Frequently Asked Questions
Learn and Serve America was a vital grant program that was used to
support service-learning programs across the country. It is a
federal program of the
Corporation for National and Community Service
that provided funding to develop, implement, and sustain quality service-learning programs throughout the nation.
In Washington state, the Office of Superintendent of Public Instruction has been responsible for distributing and monitoring funds for K-12 schools since 1992. OSPI sub-granted the school-based funds through a competitive process for local schools and districts. Grants support new and existing service-learning programs for youth in elementary, middle, and senior high schools across the state through 2012.
Update: On April 15, 2011, the FY 2011 Continuing Appropriations Act was signed into law. Among other provisions, this legislation eliminated FY 2011 program funding for Learn and Serve America. While the program is still authorized, there are no appropriations to support program activities. The Learn and Serve program will cease to continue in 2012.
AmeriCorps is a program of the Corporation for National and Community Service, an independent federal agency whose mission is to improve lives, strengthen communities, and foster civic engagement through service and volunteering. AmeriCorps is made up of three main programs: AmeriCorps State and National, AmeriCorps VISTA, and AmeriCorps NCCC (National Civilian Community Corps). In addition to AmeriCorps, the Corporation also administers Senior Corps and Learn and Serve America. Together these programs engage more than two million Americans of all ages and backgrounds in service each year.
Additional AmeriCorps Information:
NOTE: OSPI does not oversee AmeriCorps programs. For more information, check the sites:
The next grant cycle is unknown and is contingent on federal
funding being reinstated.
Service-learning is a teaching strategy that engages students in meeting classroom learning objectives through powerful community service activities.
Service-learning is a step beyond community service: it makes a clear, strong, and measurable connection between community service and classroom learning.
Service-learning can engage every partner in the learning community:
- Students – Plan, engage, evaluate, and reflect
- Teachers – Facilitate, coach, and engage with students
- Community Members – Coach, educate, and engage with students
- Parents – Coach and reflect with students
- Local Community Groups – Donate, engage, and reflect with students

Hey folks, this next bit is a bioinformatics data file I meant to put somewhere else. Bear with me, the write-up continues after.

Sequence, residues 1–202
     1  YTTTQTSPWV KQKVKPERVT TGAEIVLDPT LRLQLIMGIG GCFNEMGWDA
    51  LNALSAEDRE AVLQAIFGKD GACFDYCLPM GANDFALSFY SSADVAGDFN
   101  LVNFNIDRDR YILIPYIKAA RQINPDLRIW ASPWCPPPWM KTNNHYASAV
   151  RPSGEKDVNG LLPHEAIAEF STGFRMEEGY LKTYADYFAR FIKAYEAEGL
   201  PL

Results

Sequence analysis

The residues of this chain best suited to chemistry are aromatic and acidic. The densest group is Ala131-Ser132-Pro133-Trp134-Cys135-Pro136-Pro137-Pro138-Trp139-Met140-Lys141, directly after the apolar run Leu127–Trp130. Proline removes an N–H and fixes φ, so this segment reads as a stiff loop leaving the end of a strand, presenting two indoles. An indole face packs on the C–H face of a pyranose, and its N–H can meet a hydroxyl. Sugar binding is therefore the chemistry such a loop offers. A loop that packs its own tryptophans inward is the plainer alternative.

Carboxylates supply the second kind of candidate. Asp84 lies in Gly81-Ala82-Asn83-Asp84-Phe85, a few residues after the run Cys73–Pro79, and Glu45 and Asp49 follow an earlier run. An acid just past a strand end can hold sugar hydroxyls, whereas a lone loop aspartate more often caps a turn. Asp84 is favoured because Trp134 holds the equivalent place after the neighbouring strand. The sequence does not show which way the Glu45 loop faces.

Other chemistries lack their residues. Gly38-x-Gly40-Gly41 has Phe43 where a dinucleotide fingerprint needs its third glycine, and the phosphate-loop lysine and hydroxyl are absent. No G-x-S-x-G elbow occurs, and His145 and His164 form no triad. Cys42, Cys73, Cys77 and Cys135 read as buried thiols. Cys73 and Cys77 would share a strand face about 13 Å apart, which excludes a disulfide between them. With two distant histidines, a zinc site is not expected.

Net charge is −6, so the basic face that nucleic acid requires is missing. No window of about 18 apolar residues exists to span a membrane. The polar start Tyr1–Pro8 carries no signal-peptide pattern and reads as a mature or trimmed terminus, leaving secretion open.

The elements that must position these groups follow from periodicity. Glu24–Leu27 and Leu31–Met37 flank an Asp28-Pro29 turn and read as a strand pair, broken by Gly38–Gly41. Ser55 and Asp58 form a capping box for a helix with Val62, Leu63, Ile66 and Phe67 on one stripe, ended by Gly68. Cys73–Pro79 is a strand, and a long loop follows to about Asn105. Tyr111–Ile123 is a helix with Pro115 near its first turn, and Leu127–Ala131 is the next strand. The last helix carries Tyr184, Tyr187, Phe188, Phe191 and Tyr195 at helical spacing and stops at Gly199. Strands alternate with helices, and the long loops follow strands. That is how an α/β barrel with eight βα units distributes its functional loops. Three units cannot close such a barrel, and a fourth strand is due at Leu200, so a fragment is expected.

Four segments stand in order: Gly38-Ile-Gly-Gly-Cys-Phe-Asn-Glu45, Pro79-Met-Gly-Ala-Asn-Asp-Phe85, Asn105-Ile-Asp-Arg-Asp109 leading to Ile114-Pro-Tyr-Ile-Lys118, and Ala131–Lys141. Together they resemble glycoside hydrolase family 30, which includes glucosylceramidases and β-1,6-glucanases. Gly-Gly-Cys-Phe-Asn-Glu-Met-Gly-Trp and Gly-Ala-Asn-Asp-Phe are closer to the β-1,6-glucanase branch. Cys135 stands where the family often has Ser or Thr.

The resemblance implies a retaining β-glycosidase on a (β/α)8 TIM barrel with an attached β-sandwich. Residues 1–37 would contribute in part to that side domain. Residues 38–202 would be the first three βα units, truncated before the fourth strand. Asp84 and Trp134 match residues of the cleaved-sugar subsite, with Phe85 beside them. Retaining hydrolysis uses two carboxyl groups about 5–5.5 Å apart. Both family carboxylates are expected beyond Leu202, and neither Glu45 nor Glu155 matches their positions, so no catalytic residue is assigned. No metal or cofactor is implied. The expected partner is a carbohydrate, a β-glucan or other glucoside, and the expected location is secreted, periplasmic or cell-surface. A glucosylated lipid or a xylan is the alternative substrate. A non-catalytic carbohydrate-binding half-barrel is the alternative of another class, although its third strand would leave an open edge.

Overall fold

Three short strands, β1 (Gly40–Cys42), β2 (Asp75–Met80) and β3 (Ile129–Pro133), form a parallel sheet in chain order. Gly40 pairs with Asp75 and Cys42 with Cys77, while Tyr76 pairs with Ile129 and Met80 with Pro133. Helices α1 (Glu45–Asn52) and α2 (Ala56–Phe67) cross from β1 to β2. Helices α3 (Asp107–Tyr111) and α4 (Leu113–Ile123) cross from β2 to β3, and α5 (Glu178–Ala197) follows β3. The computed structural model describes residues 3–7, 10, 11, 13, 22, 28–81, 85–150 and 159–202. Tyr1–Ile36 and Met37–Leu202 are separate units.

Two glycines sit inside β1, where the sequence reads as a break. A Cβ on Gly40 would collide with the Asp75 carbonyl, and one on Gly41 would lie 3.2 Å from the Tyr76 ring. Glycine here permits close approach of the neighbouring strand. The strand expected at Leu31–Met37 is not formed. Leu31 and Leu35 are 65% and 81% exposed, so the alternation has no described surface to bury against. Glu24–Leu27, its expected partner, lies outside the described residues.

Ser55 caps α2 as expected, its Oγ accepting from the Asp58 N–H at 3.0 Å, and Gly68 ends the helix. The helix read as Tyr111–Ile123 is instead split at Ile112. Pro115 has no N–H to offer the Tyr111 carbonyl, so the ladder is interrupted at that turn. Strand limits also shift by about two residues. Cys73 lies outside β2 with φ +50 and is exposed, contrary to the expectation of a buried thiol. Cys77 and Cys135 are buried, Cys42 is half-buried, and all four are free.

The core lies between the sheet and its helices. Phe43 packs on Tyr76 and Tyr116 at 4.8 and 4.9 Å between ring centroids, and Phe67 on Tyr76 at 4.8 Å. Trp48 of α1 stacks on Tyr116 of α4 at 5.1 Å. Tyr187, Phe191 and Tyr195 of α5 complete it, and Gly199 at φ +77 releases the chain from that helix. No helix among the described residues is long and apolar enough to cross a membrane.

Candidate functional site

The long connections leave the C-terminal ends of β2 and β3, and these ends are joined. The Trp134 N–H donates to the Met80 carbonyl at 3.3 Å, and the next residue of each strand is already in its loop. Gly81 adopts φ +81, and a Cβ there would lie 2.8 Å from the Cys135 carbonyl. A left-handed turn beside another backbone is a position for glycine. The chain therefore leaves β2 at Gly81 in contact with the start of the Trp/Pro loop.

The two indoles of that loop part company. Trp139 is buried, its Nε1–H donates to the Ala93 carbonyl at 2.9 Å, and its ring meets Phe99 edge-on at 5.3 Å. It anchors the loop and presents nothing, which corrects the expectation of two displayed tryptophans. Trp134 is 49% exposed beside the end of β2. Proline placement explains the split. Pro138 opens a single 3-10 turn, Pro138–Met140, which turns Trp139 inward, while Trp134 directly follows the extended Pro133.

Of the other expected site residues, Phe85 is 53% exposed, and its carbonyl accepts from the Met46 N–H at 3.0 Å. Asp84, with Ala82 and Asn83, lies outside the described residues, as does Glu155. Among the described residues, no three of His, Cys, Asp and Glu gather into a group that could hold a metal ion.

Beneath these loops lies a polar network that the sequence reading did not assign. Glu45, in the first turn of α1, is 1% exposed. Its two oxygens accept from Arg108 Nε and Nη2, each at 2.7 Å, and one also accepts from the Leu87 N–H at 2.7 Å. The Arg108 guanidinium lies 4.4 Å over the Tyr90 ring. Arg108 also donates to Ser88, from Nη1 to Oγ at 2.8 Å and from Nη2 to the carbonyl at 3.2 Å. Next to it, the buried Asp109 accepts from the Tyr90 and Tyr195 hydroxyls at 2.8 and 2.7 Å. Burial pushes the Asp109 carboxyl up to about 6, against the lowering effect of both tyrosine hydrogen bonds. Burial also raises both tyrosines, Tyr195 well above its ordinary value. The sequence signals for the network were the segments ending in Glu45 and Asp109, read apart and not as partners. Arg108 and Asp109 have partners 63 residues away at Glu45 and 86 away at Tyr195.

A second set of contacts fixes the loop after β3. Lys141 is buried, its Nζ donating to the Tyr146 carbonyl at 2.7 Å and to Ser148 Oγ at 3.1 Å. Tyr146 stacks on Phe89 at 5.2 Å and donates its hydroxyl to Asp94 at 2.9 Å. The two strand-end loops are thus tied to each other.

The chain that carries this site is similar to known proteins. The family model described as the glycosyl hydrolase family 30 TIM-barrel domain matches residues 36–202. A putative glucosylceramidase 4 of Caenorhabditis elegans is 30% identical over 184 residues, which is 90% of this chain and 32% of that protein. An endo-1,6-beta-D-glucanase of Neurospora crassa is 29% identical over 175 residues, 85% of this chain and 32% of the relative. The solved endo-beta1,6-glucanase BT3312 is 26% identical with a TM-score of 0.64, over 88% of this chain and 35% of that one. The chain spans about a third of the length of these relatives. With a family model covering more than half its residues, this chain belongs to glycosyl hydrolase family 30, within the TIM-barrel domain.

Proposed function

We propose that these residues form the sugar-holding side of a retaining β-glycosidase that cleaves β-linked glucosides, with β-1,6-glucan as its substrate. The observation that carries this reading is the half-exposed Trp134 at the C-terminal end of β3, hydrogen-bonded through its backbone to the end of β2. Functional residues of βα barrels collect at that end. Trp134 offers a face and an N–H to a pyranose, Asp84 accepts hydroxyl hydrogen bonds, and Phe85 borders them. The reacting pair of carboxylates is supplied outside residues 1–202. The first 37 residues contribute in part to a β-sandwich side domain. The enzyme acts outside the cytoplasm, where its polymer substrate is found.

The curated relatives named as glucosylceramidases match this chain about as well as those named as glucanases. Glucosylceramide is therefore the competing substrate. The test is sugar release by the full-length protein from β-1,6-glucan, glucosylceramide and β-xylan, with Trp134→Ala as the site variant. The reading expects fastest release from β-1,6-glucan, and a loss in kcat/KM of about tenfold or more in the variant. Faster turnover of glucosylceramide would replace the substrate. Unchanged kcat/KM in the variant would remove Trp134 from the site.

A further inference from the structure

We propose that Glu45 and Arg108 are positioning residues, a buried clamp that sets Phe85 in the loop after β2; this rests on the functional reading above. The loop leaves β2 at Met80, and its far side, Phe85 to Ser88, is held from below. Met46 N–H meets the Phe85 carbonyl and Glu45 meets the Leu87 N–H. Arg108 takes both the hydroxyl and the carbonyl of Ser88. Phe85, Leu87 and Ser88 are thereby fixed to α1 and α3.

- Local Businesses – Donate and engage with students
These standards and indicators are principles of effective practice. The new K-12 Service-Learning Standards for Quality Practice were developed by the National Youth Leadership Council and RMC Research Corporation and reactor panels composed of young people, teachers, school and district administrators, community members, staff from community-based organizations, policy-makers, and others interested in service-learning. The standards include:
- Duration and Intensity
- Link to Curriculum
- Meaningful Service
- Youth Voice
- Progress Monitoring
National Youth Leadership Council for more information and a PDF of the K-12 Service-Learning Standards for Quality Practice.
Recent research supports using a six-step process to increase the likelihood that service-learning will have positive outcomes for participants. This process is abbreviated IPARDC and involves students in:
- Investigating community issues
- Planning a project
- Acting to address a problem
- Reflecting on their experiences and the process
- Demonstrating their work to a wider audience
While the IPARDC process clarifies what service-learning is, the new K-12 Service-Learning Standards for Quality Practice spell out in detail what it takes to provide students with high quality service-learning experiences.
- Investigating community issues
- Activities that are one-time, or episodic, volunteer opportunities or assignments
- Activities that make service-learning an add-on to existing school curriculum. Activities that are one-sided, benefiting only students or only the community
Service-learning benefits students by…
- Making learning more useful, relevant, and alive
- Improving interpersonal skills and social awareness
- Promoting active learning
- Extending the boundaries of the classroom and into life beyond school
- Providing students with real-life application of what they learn in the classroom
- Promoting the value of diversity
- Strengthening analytical and critical thinking skills
- Strengthening interpersonal and communication skills
- Promoting students' intellectual growth, leadership development, and personal and social growth
- Fostering civic responsibility for social challenges
- Helping prepare students for the world of work
- Allowing students to serve as involved citizens in their communities
Service-learning benefits the school by…
- Strengthening students’ classroom learning experiences
- Leveraging new financial resources for school activities
- Allowing the school to give back to the community through its students
- Providing good public relations
- Providing an opportunity for the community to view the school as a resource
- Can establish connections for other school programs
Service-learning benefits the community by…
- Helping meet unmet community needs with substantial human resources
- Exposing and teaching communities about new generations of students
- Developing establish access and connections to other resources between the school and in the community
- Fostering a culture of service among current and future community leaders and members
- Breaking down and dispelling myths and stereotypes that the community has about students, and students about the community
- Adding energy, enthusiasm, and skill to projects, programs, and activities
- Preparing students for community participation